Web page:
FDA drug proposal risks patient health
Published: Sunday, May 13, 2012
Updated: Monday, May 14, 2012 09:05
The new prescription drug proposal put forth by the Food and Drug Administration seems to be deserving of praise when first examined. It would make it easier for patients to get medicines for common chronic conditions such as diabetes, high cholesterol and asthma by allowing the drugs that treat these conditions to be sold without a prescription. Patients would have to diagnose themselves online or with a pharmacist before receiving the drug. This cuts out the expensive physician middleman and a whole host of other hassles for patients. With the number of uninsured Americans at a staggering 50.7 million as reported by USA Today, the FDA certainly has the right idea, but is it the most responsible one?
Chronic, serious ailments and conditions such as diabetes and high cholesterol simply cannot initially be diagnosed at home. Conversations about prescriptions and over-the-counter medications need to be promoted, but a hybrid method would be more efficient. A system that would require patients to initially be diagnosed by a doctor and given a prescription should be set in place, and from there patients should have an easier time obtaining refills and the prescription could follow them from different providers if they decide to switch doctors or pharmacies.
As expected, the American Medical Association is against the idea. The association feels this will open the floodgates for abuse of these medications, and rightly so. According to The Chicago Tribune, an estimated 7 million Americans abuse prescription drugs, with Florida being seen as the crux of this epidemic. Adding more drugs to this list that are accessible without a prescription certainly does not help the situation. Doctors and healthcare providers need to seriously reevaluate the knee-jerk reaction they have when a patient comes in with these conditions. Natural supplement alternatives should be reviewed with patients so the benefits are known and can work hand in hand with prescriptions, potentially avoiding dependency on prescriptions and helping to promote more positive lifestyle choices.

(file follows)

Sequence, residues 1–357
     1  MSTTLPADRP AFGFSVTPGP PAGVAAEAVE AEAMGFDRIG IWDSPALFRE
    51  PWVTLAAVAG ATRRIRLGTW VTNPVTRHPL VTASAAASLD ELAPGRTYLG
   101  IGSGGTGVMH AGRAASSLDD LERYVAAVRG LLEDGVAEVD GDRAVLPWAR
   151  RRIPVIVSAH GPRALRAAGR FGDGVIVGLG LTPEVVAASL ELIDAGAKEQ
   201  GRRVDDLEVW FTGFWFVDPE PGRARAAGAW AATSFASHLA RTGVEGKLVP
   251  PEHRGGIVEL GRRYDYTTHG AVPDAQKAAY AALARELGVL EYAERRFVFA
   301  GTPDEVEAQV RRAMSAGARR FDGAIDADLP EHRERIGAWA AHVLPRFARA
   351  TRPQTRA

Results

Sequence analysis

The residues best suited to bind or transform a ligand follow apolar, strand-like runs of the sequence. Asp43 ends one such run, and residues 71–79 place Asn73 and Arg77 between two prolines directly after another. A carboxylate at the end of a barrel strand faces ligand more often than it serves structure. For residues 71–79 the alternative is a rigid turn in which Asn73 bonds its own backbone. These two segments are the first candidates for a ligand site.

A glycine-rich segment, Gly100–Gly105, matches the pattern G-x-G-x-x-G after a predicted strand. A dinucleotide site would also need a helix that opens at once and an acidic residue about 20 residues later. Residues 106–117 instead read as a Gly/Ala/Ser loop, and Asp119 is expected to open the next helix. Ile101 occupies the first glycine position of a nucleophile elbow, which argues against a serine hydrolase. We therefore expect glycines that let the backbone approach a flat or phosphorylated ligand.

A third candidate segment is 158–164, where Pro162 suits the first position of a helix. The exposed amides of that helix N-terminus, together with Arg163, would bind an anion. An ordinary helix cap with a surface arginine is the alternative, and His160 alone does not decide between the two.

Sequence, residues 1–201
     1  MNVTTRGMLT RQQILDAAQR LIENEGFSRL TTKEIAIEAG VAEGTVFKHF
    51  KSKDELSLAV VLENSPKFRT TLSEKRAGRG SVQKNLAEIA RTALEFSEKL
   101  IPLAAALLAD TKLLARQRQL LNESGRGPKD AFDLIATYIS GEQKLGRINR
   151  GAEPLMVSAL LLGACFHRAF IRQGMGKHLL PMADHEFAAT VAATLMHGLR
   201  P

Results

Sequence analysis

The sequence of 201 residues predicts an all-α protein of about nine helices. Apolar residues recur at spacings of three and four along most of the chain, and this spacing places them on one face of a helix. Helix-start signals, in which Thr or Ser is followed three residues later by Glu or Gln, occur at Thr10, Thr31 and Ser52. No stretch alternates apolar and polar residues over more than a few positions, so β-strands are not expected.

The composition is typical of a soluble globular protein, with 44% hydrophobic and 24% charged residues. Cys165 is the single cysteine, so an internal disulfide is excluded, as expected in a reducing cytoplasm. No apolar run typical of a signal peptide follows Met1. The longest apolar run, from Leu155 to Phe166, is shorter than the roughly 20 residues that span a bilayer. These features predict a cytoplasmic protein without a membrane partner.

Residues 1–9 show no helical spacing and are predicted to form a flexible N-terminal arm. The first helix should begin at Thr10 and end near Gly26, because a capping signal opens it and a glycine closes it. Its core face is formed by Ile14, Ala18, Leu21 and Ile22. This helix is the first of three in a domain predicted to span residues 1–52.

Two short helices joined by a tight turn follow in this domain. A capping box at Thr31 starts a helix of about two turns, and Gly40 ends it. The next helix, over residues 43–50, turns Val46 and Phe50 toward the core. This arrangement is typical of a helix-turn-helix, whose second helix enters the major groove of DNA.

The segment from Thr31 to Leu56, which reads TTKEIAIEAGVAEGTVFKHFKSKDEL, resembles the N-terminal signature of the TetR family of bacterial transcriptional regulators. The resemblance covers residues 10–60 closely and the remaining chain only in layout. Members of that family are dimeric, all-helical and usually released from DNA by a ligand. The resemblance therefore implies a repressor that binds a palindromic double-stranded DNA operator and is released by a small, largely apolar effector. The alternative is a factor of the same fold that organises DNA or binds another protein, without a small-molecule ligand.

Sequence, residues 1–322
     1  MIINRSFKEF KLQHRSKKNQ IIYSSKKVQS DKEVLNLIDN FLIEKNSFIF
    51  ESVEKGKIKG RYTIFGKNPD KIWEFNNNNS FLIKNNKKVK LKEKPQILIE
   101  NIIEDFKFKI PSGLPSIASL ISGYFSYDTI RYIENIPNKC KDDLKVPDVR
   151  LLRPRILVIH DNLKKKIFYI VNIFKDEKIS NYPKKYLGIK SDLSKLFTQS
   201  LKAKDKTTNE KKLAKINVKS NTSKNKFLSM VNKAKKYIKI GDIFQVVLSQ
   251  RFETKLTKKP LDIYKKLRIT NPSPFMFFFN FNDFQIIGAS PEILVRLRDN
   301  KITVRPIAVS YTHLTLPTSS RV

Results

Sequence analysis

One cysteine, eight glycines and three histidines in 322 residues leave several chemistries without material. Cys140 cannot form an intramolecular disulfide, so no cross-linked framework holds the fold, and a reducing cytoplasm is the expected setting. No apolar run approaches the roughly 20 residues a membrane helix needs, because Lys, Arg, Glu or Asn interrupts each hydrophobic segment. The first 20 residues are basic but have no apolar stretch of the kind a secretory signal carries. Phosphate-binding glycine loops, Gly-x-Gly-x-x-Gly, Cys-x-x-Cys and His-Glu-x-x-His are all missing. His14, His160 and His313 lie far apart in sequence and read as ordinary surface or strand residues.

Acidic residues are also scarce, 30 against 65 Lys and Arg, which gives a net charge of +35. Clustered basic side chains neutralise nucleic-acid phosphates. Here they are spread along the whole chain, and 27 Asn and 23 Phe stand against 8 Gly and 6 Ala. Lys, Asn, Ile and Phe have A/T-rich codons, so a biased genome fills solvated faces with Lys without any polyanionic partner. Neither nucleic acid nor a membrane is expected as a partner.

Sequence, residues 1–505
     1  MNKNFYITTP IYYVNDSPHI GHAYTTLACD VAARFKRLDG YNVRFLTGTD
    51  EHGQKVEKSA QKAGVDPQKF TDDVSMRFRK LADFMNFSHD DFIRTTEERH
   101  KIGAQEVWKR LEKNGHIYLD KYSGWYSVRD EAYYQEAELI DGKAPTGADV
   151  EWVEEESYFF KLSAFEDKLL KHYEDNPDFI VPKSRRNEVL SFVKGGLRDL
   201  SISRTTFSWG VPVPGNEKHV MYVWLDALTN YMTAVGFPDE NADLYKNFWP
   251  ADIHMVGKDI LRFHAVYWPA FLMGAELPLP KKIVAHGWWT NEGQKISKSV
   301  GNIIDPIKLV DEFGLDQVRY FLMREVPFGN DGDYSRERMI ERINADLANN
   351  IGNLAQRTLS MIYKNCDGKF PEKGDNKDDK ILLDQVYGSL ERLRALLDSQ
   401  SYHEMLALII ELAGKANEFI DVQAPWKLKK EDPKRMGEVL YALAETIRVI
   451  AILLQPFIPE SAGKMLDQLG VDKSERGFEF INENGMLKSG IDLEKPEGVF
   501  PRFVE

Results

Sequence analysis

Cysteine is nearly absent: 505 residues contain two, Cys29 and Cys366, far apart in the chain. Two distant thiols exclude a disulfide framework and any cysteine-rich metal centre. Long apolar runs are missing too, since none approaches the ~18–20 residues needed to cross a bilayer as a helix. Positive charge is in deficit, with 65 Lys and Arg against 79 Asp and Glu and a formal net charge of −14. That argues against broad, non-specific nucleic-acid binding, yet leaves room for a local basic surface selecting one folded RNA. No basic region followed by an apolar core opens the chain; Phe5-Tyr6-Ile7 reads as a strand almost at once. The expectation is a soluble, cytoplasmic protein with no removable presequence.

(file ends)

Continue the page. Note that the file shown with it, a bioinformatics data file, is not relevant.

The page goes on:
Critics of natural and herbal supplements say there isn’t enough research or information on the effectiveness of them because the FDA does not approve them. In reality, it is common for the FDA to recall prescription drugs, not to mention the fact that the association promotes prescription drugs that can not only cause dependency, but often times can cause recurring patients to develop immunity to these prescriptions and medications, another common problem.
Ideally, patients should not have to jump through the hoops of hospital networks and insurance stipulations to be treated for common ailments like the cold and flu, common women’s issues like urinary tract infections and yeast infections, as well as allergies. These are more common, recurring issues that many Americans suffer from and as many know, it can be a substantial annoyance to try and fit in a doctor appointment with a busy schedule, or find alternative methods of treatment if one is uninsured. Many treatments for these ailments are offered over the counter, but often times patients are still forced to see a doctor when these mild treatments are ineffective. Natural supplements can also curb these issues.
The push for this plan by the FDA seemingly only has one goal: to save money. While it has been acknowledged by analysts that costs will be lowered by this initiative, many insurance carriers do not cover over-the-counter medicine, which leaves consumers struggling to pay for them in a stalemate as well.